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Buzzards Bay National Estuary Program

CCMP Project History

Final 8/91

Chapter 2: History and Accomplishments of the Project

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What Is the Buzzards Bay Project?

The Buzzards Bay Project is one of the first estuary protection programs in the country. It was initiated in 1985 under the joint management of the U.S. Environmental Protection Agency (EPA) and the Massachusetts Executive Office of Environmental Affairs (EEA). From the beginning, the Project had a threefold objective: (1) to set up a management structure to coordinate Project activities and help achieve long-term goals; (2) to identify and research the priority water quality problems in Buzzards Bay; and (3) based upon these findings, to develop a management plan for the protection of the Bay's water quality and valuable resources.

On January 29, 1988, Buzzards Bay was officially designated "an estuary of national significance" within the National Estuary Program, in accordance with the provisions of the Water Quality Act. This event represented a renewed commitment on the part of the Project's participants to improve and protect the environmental quality of Buzzards Bay.

The culmination of the information-gathering phase of the Buzzards Bay Project is a long-term management plan, and Buzzards Bay is one of the first estuary programs in the country to draft its blueprint for the future. This document, called the Comprehensive Conservation and Management Plan (CCMP), is the result of five years of research and demonstration activities designed to help understand the most pressing problems in the Bay and to identify the solutions.

Why Buzzards Bay?

Buzzards Bay is a valuable resource, important for its economic, recreational, and aesthetic values. The economic resources of the Bay range from the harvest of its rich fisheries to its use as a transit route for the New Bedford fishing fleet and for shipping through the Cape Cod Canal. Its ragged coastline is beautiful and provides many opportunities for fishing, boating, and bathing, as well as critical habitat for a variety of plant and animal species. Buzzards Bay also offers educational and research opportunities to the research laboratories and academic institutions located throughout the region.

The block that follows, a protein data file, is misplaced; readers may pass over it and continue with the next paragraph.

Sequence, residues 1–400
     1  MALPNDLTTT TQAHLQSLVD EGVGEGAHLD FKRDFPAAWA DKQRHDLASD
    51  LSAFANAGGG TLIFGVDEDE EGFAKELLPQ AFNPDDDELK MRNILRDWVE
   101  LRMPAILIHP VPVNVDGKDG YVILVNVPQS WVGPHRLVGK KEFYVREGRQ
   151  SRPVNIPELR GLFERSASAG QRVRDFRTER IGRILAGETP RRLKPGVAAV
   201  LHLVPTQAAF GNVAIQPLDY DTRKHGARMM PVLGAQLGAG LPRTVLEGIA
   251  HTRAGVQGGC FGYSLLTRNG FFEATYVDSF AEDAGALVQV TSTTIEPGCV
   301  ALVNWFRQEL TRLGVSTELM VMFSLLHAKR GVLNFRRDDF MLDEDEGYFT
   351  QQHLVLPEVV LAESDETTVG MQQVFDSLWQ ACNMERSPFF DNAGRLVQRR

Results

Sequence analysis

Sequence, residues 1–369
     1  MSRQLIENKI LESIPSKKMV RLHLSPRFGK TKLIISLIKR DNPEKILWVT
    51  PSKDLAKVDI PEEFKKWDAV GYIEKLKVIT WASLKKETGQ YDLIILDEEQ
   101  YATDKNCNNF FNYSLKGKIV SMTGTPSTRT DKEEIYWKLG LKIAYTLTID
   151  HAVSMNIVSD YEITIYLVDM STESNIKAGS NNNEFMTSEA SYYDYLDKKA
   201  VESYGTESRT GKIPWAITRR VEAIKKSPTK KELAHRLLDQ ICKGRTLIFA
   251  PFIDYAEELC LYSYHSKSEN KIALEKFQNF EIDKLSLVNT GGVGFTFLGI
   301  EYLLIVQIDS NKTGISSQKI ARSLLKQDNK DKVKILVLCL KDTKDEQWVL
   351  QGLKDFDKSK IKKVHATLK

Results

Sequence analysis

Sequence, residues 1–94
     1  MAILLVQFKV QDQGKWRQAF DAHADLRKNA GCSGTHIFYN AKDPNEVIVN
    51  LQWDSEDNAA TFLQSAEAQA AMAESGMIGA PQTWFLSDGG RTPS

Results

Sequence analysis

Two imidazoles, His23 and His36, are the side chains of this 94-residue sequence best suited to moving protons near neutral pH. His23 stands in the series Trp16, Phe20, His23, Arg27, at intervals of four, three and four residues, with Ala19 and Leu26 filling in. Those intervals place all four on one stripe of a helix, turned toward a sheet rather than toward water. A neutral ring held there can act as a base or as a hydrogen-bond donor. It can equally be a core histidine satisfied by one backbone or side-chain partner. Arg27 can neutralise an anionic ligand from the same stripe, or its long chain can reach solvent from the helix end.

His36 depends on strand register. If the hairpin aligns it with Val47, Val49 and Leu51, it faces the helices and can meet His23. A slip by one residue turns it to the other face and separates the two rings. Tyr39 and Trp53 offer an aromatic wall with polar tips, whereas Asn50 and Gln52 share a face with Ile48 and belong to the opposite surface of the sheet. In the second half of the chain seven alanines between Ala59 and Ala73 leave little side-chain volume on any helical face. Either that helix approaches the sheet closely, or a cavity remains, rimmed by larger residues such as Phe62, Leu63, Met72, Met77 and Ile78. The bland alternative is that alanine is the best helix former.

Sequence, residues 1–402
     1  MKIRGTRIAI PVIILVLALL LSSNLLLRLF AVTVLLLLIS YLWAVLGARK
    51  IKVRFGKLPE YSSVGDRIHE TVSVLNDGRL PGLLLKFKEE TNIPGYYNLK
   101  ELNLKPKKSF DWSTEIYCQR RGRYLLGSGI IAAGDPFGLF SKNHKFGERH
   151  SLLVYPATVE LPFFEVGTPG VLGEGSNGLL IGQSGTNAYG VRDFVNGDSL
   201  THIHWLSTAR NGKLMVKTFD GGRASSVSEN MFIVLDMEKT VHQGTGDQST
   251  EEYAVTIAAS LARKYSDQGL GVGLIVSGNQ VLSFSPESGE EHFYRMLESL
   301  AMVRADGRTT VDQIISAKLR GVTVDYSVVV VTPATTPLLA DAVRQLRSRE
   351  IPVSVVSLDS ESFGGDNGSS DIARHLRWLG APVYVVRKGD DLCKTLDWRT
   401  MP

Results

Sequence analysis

The various uses of Buzzards Bay often conflict. Harbors used for swimming and harvest of shellfish double as discharge sites for residential and industrial wastewater. Approximately 18,000 acres surrounding New Bedford Harbor have high levels of polychlorinated biphenyls (PCBs) and are closed to the taking of lobsters, finfish, and shellfish. Burgeoning development has made Barnstable County the fastest growing county in New England and has contributed to declining water quality. Proliferation of boats and piers is causing habitat loss in many of the smaller bays and harbors. Industrial pollution and accelerated residential development combine to threaten the environmental and economic health of Buzzards Bay.

Despite these changes, Buzzards Bay is still considered a relatively pristine estuary. The Buzzards Bay Project developed this plan as a way to prevent further degradation and restore impacted areas.

What Is the National Estuary Program?

Recognizing the threats to our nation's estuaries, the United States Congress appropriated $4 million to EPA in 1985 for study and assessment of four major estuaries around the country. Along with Buzzards Bay, the other estuaries selected for study were Narragansett Bay in Rhode Island and Massachusetts; Long Island Sound in New York and Connecticut; and Puget Sound in Washington. These efforts were the precursor of EPA's National Estuary Program a framework for addressing pollution problems and the effects of overuse and development and for preparing comprehensive management plans to ensure an estuary's ecological integrity.

The goals of the National Estuary Program (NEP) are protection and improvement water quality and enhancement of living resources. To achieve these goals, the NEP works to:

Two major themes of the NEP are (1) a phased program approach to identify and define priority problems, establish their probable causes, and devise strategies to address them; and (2) a collaborative problem-solving process that involves all concerned parties in each phase of the program and secures commitments to carry out recommended actions.

Through 1986, program activities in the four selected estuaries were supported by broad legislative authorities and funding appropriations. Passage of the Water Quality Act of 1987 signaled recognition by Congress that the health of the nation's estuaries had to be protected. The new law formally established the NEP. Section 317 of the Act declares that the increase in coastal population, demands for development, and other direct and indirect uses of the estuaries threaten these unique bodies of water. The law further states that it is in the national interest to maintain the ecological integrity of the nation's estuaries through long-term planning and management.